Next week, you’ll be able to celebrate horror novels of the 70s and 80s at Greenpoint’s Film Noir Cinema on September 19.
The pulpy horror novels of the 1970s and ‘80s will lurch to illustrated life at a former funeral home in Greenpoint next week. Horror writer Grady Hendrix will act out portions of his new non-fiction book “Paperbacks from Hell” at the Film Noir Cinema on Sept. 19, as part of a monthly series of lectures from the Miskatonic Institute of Horror Studies. Hendrix says that he will use songs, images, and film clips to celebrate the two-decade reign of spooky novels over the bookstore shelves.
“I’m going to do a live performance of my book and talk about the history of the paperback boom and the lurid covers that came out of that,” said Hendrix. “It’s got songs, some slides, images from the covers, and I’m going to make it fun and entertaining…
The genre’s death in the ’90s came from both overproduction and an excessive focus on blood and gore, said Hendrix, with the success of “The Silence of the Lambs” leading other writers to cash in with their own serial killer novels.
“A lot of writers attempted to push boundaries and got more into gore, and right around that time more serial killer books were coming out and the genre was producing too many paperback books — so we ended up with a huge glut of gory serial killer books that stained the genre for a long time,” said Hendrix”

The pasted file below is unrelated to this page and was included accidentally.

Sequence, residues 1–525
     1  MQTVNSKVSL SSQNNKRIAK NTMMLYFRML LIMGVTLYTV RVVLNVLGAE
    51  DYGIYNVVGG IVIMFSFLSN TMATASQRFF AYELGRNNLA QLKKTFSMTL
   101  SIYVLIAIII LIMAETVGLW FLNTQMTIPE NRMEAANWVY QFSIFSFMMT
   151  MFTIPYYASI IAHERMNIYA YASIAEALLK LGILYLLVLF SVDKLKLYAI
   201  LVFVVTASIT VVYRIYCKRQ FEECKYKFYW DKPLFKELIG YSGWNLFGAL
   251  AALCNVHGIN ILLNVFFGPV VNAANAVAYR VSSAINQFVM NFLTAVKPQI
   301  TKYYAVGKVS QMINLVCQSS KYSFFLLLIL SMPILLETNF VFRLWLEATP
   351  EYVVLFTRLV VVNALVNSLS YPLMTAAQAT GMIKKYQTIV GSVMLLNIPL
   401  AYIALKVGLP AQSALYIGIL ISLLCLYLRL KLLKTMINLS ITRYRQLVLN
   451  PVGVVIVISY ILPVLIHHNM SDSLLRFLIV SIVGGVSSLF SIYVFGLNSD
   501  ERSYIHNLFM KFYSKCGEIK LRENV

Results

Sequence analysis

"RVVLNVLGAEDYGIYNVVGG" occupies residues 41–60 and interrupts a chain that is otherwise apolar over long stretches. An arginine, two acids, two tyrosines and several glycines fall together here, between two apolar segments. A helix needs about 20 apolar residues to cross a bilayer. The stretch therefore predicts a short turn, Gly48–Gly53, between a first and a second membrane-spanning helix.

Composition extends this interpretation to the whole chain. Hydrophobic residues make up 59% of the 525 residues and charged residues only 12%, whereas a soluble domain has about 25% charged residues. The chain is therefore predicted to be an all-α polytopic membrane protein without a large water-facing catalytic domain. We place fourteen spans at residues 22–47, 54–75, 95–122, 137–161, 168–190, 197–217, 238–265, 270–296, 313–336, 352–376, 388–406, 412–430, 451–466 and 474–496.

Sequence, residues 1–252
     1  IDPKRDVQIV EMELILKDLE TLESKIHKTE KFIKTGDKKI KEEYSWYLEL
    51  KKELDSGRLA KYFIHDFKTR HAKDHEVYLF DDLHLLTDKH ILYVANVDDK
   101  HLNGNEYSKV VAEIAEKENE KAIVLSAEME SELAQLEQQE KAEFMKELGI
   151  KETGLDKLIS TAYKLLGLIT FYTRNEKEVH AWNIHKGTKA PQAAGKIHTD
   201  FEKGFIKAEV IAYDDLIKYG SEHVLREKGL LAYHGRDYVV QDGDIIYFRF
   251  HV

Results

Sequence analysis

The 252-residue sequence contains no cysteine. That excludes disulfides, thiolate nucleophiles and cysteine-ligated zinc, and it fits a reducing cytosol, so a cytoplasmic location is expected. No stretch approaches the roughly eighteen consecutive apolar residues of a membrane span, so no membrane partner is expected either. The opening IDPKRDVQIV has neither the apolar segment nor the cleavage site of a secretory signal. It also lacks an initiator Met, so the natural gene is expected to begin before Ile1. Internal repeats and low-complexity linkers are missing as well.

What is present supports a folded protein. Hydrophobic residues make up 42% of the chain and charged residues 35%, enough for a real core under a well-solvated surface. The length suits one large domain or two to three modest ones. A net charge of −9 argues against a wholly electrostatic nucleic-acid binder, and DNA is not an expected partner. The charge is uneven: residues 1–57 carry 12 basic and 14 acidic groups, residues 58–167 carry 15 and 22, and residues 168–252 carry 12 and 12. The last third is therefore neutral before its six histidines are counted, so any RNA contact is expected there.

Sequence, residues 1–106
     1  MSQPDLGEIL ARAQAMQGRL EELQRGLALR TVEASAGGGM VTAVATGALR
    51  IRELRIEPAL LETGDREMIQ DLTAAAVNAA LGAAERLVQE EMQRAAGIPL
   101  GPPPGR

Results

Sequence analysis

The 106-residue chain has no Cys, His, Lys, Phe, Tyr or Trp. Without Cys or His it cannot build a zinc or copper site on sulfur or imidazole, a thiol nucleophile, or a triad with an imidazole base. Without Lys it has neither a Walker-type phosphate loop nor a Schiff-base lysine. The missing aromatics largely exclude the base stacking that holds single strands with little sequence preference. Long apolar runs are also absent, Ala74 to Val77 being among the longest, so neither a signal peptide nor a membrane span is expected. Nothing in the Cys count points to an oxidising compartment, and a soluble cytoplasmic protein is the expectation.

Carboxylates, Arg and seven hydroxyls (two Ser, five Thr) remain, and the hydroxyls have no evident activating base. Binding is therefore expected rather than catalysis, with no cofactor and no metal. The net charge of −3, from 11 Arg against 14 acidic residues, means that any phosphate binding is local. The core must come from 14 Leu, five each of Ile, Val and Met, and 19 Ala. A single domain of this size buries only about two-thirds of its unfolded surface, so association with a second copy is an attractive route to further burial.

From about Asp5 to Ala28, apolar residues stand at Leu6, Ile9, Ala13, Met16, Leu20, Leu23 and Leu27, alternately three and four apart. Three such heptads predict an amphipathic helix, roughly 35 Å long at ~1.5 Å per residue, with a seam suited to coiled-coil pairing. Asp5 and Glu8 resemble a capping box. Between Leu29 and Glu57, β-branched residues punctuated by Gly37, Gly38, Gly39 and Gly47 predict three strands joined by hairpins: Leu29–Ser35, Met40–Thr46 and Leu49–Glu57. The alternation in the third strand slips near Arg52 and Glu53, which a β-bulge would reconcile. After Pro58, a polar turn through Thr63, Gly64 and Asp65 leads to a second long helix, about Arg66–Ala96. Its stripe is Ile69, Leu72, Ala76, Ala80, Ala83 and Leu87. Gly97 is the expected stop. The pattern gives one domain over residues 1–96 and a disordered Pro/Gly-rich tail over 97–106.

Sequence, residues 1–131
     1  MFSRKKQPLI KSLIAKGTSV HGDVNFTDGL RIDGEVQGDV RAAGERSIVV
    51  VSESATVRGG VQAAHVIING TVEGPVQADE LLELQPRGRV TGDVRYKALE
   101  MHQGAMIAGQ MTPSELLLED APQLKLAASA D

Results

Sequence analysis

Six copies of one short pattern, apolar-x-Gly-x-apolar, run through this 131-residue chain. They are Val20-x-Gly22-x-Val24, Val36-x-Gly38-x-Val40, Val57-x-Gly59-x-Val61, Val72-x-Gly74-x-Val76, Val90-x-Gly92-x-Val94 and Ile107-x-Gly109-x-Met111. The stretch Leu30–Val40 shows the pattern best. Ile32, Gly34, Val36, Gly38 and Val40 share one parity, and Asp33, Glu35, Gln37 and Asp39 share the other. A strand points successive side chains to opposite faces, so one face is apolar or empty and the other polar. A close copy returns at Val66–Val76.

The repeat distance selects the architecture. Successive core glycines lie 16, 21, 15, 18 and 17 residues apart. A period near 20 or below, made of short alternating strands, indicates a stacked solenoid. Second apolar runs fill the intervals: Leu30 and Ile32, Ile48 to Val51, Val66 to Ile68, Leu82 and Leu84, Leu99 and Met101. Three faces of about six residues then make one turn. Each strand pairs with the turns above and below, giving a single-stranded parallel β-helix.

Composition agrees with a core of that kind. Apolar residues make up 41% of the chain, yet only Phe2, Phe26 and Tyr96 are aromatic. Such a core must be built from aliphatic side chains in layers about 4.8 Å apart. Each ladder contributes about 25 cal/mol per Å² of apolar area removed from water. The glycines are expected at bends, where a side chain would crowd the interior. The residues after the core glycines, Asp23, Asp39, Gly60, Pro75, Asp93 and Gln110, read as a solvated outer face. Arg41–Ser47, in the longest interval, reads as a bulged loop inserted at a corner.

From the Miskatonic Institute of Horror Studies’ event page:
In the early ’70s, three books changed horror forever: “Rosemary’s Baby,” “The Exorcist,” and “The Other.” The first horror novels to hit bestseller lists since 1940, they opened the floodgates for an avalanche of horror paperbacks to flood supermarket and drugstore shelves throughout the ’70s and ’80s, before “Silence of the Lambs” slit the genre’s throat in the early ’90s.
Fresh off last year’s one-man show, SUMMERLAND LOST, Grady Hendrix delivers a mind-melting oral history of this wild and woolly world of Nazi leprechauns, skeleton doctors, killer crabs, killer jellyfish, and killer fetuses, featuring hair-raising readings, a William W. Johnstone quote-off, and more tales of terrifying tots, tricycles, clowns, puppets, and heavy metal bands than should be strictly legal. Prepare yourself for a tour of this long-lost universe of terror that lurked behind the lurid, foil-embossed, die-cut covers of… the Paperbacks from Hell!
PLUS! Following Grady’s illustrated presentation will be a live round table discussion and Q+A with several artists who painted the book covers under discussion, including:
Jill Bauman – if you’ve seen a doll on a horror paperback cover, it was probably painted by Jill Bauman. A longtime fan favorite, she has illustrated covers for everyone from Harlan Ellison, to Ramsey Campbell, to Dean Koontz, Stephen King, and Peter Straub.
Lisa Falkenstern – award-winning artist, Lisa Falkenstern, has painted some of the most memorable horror covers in the business, and she was the regular VC Andrews cover artist for 15 years.
Thomas Hallman – still painting book covers today, Tom Hallman’s distinctive style hasgraced everything from forgotten creature horror novels like Gila! to popular paperbacks like Stephen King’s The Green Mile.
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